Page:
PETALING JAYA: Several economists have urged the government to ease the movement control order (MCO) to enable the resumption of business and to help the economy get back on track.
Economist Kameel Mydin Meera said the MCO should be lifted in green and yellow zones but with safety measures such as the use of masks remaining in place.
A green zone is a district with no Covid-19 cases and a red zone is a district with more than 40 active cases. Anything in between is a yellow zone.
“Otherwise, more businesses will fail and unemployment will rise drastically,” Kameel, a former dean of the Institute of Islamic Banking and Finance at the International Islamic University Malaysia, told FMT.
Carmelo Ferlito of the Institute for Democracy and Economic Affairs also called for the relaxation of restrictions in green and yellow zones and the speedy reassignment of red zones.
Ferlito said a prolonged MCO would pose risks of mass unemployment and social unrest.
He noted that Italy, one of the countries worst hit by Covid-19, would resume all economic activities in June.
At least two million people in Italy have applied for unemployment relief. The country’s gross domestic product is expected to drop by up to 5% for the first half of the year.
Kameel said a lot of contracts between businesses, lenders and borrowers and tenants and landlords would be at risk of being breached if the MCO were to be extended.
“Some businesses may permanently collapse. The disruption in global supply chains is capable of causing a global food crisis too and we must avert this,” he added.
Socio-Economic Research Centre executive director Lee Heng Guie said the government should consider easing the MCO in phases.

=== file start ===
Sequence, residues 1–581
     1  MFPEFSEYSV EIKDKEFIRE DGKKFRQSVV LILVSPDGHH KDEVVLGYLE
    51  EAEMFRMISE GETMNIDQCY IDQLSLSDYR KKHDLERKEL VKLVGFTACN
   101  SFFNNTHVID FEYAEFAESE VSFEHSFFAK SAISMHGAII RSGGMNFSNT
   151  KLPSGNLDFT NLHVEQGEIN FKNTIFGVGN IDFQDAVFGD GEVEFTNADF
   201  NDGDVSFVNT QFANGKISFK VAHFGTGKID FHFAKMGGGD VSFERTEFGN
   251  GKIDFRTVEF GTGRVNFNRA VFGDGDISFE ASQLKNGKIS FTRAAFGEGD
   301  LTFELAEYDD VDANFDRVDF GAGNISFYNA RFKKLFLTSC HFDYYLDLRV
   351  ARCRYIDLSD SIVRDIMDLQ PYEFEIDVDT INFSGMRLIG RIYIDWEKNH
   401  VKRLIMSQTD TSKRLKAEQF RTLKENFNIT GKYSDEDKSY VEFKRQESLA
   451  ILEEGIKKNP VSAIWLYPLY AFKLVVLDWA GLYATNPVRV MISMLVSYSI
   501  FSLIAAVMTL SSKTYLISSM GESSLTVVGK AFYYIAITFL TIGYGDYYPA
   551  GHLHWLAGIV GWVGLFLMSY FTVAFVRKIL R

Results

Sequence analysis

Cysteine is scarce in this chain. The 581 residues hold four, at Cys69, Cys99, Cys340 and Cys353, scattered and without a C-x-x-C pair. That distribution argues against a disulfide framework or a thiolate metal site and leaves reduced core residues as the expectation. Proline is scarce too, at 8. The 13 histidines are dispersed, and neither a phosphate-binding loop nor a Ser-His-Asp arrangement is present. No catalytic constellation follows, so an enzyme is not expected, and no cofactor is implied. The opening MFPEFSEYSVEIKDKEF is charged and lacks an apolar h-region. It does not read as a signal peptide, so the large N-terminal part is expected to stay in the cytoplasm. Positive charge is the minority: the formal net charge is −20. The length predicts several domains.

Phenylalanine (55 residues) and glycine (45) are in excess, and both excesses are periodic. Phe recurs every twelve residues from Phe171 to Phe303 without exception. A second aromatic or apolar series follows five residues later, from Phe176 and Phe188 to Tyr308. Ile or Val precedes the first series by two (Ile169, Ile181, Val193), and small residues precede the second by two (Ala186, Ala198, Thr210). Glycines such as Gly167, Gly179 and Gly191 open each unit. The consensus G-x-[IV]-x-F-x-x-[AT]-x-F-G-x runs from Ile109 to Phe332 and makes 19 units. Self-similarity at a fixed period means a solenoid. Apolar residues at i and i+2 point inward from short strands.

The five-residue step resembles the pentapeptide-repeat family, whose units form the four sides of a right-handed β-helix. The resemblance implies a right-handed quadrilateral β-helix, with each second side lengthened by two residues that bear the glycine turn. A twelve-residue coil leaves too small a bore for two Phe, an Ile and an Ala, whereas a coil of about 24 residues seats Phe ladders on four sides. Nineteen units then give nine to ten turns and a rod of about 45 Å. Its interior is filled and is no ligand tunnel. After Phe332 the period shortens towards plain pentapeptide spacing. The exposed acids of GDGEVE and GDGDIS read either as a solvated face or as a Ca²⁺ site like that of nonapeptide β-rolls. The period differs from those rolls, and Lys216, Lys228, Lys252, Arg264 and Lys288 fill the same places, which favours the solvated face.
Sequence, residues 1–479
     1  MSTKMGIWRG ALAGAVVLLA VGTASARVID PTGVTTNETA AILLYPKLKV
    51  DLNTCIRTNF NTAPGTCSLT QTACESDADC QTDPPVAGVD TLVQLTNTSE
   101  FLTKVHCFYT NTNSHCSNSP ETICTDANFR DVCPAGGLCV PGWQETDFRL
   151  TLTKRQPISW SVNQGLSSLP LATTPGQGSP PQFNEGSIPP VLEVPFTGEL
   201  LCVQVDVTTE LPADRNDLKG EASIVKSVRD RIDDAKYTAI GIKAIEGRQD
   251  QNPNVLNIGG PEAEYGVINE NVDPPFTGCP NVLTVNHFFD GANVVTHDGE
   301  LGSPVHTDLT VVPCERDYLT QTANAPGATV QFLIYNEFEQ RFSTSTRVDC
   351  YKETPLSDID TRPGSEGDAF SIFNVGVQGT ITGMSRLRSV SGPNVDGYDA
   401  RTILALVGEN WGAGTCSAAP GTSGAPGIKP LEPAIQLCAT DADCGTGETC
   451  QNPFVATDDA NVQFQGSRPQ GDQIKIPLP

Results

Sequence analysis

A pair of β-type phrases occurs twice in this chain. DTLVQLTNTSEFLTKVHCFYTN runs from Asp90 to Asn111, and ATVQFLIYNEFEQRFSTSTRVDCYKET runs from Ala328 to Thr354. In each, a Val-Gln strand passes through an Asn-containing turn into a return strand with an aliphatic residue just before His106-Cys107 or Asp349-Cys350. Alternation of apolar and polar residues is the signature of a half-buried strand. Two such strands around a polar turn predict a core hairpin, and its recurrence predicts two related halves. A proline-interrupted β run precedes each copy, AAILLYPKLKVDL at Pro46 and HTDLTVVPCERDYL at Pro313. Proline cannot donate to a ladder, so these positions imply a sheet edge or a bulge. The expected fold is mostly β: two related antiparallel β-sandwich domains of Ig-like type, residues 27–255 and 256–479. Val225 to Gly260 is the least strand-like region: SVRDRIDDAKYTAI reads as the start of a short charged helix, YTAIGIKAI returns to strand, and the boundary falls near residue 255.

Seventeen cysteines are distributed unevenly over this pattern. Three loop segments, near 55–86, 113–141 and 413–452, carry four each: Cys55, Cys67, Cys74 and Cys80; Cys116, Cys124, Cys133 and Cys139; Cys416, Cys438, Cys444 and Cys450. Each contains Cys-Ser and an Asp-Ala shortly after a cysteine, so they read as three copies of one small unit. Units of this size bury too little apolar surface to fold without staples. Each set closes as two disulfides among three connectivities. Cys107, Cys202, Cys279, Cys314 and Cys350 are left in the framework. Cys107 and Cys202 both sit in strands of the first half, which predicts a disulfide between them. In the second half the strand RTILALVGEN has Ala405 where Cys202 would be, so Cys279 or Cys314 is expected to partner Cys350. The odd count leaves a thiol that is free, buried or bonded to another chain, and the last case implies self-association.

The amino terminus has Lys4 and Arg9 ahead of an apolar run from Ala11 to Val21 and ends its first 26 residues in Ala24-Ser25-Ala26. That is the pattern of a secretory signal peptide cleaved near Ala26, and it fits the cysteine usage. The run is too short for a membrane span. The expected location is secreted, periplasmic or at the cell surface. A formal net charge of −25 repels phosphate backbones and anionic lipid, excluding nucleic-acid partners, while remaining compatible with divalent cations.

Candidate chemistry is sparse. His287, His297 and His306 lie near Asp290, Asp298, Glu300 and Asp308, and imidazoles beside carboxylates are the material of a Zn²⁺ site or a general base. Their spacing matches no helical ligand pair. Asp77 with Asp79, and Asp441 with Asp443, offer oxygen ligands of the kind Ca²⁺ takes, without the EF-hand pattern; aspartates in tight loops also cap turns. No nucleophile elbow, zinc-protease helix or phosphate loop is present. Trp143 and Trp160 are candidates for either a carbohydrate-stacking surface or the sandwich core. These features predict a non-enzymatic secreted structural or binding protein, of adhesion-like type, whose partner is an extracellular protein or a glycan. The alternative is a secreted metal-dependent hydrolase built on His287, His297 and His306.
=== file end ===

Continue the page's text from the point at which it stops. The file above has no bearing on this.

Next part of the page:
“It is in the government’s interest to ensure that the economy is running, helping the survival and sustainability of businesses,” he said.
“The MCO has had a severe impact on many businesses in terms of cash flows deficits, revenue losses and the loss or reduction of orders and customers.”
He also said there were concerns over litigation risks arising from the inability of companies to honour contractual obligations.
He urged the government to develop an MCO exit strategy and communicate its plan to the public clearly so that businesses could prepare their standard operating procedures.
However, the Malaysian Medical Association noted the World Health Organization’s (WHO) warning against hastily lifting lockdown regulations.
The association’s president, Dr N Ganabaskaran, called for a detailed assessment before any decision is made to lift the MCO.
“We must approach this with caution,” he told FMT, noting that there were still new Covid-19 cases with contacts that needed to be traced.
Former health director-general Dr Ismail Merican said the MCO should not be extended beyond May 12.
“What we need now is an exit strategy for the economy, common sense and discipline,” he told FMT.
However, he also said the public must continue to behave as though Covid-19 is still a threat.
“Don’t crowd. Keep a safe distance. Businesses have to ensure these measures are practised at their premises.”
He said precautions should apply even to green zones.
“I think people understand what is the new normal and they just have to show they can abide by this new normal,” he said.
“There are things which can still be postponed indefinitely, like mass gatherings for weddings.”
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